Blog banner of Dr Bob Margeas and a clinical image in the back

Ask the Expert: An Interview with Bob Margeas, DDS on Universal Composites

How do you evaluate the esthetic potential of a composite?

In addition to a high degree of polishabilty and matching natural tooth shades and opacities, an esthetic composite must blend into the surrounding tooth structure such that the tooth/restoration interface disappears. Evanesce™ Nano-Enhanced Universal Restorative (Clinician’s Choice®) satisfies the requirement for a fast, high shine polish and availability of multiple shades and opacities, but I am very impressed by its ability to disappear into the tooth, even if the shade is slightly off. The combination of a preparation with a long beveled facial margin with Evanesce composite produces a restorative surface indistinguishable from tooth structure. The importance of selecting the appropriate shades shouldn’t be underestimated, there are times where a dentist may be off in shade selection. Unfortunately, this can result in an unnatural looking composite restoration which stands out against the natural dentition. I have found, whether I accurately assessed the shade or in cases where I have used A3 instead of A2, for instance, there was no difference in the final esthetic result due to its remarkable ability to blend into the tooth.

How do you mimic the varying translucencies in the adjacent teeth when you are placing an anterior composite?

The variations in incisal translucency from one case to the next can be quite dramatic. Tints can be helpful in replicating translucency; however, they can be more technique sensitive and require clinical experience to gauge the appropriate amount of tint required for the case. Fortunately, many anterior composite cases can be restored using a one shade/opacity composite restoration. However, for those clinical cases where there is a high degree of incisal translucency present, you need a composite system that gives you the optional opacities that allow you to match the translucencies in the adjacent teeth. In addition to their enamel opacity of 80%,

Evanesce has 3 more enamel options that span a greater degree of translucency, including one that is only 50% opacity. These come in handy when I am restoring Class IVs and placing full composite veneers. The opacity of Evanesce I choose for the initial lingual enamel layer is based on the overall incisal translucency that I want in the final restoration. The Evanesce system provides me with the control, through its range of opacities, to blend in the next layers composite I require to achieve the desired esthetic result.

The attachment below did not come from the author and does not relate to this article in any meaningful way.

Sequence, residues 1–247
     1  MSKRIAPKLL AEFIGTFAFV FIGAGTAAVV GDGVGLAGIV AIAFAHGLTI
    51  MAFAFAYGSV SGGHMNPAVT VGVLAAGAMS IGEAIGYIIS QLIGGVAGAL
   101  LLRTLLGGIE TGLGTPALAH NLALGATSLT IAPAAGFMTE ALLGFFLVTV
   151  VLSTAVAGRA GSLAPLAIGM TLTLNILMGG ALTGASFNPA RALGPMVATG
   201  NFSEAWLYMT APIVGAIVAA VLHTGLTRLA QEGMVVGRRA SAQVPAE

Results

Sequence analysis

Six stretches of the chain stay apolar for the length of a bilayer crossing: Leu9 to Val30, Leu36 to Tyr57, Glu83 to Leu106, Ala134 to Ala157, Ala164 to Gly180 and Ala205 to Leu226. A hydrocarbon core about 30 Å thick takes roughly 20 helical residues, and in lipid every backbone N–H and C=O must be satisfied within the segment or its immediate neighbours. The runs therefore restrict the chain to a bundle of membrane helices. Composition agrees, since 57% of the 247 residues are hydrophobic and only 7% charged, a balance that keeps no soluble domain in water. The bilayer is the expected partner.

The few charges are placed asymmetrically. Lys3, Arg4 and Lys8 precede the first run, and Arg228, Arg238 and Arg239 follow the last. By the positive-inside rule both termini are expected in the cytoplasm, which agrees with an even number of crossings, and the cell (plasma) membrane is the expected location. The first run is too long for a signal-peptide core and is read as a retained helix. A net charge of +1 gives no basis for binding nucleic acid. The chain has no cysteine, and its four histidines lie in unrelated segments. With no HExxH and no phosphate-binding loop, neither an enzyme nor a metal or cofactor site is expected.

Class IV Lingual Matrix Technique

teeth biting into purple matrix material

FIG. 1

A mock-up restoration of the lingual and incisal surfaces of tooth #8 were captured by a layer of Template Ultra Quick Matrix Material extending canine to canine.

FIG. 2

After tooth preparation, the Template matrix was re-inserted. Evanesce nanofilled composite was packed against the Template matrix to form a lingual shelf.

Teeth with light layer of composite

FIG. 3

A thin layer of dentin shaded Evanesce composite was placed and light-cured. Following, a final layer of enamel-shaded Evanesce was placed to complete the


carbide bur touching tooth

FIG. 4

Primary anatomy was formed using coarse and medium discs. A carbide bur was used to create secondary anatomy.

Beige polisher polishing tooth

FIG. 5

Following a finishing and polishing protocol, the restoration was polished to a high shine.

Final result of esthetic polished tooth

FIG. 6

Final highly esthetic result.

How significant are handling properties when you are choosing a composite?

Handling is one of the most important properties of the composite in my opinion. I layer a lot of my anterior composites and use the pull-through technique to establish proximal contacts and contours as well as often rolling and shaping an increment of composite with my fingers prior to taking it to the tooth with an instrument. This requires me to use a composite with exceptional handling properties. With a Class IV composite, I prefer to use a lingual matrix when placing my first layer. This lingual enamel layer is critical in establishing lingual contour and incisal translucency as well as a rampart for the next layer. I need to be able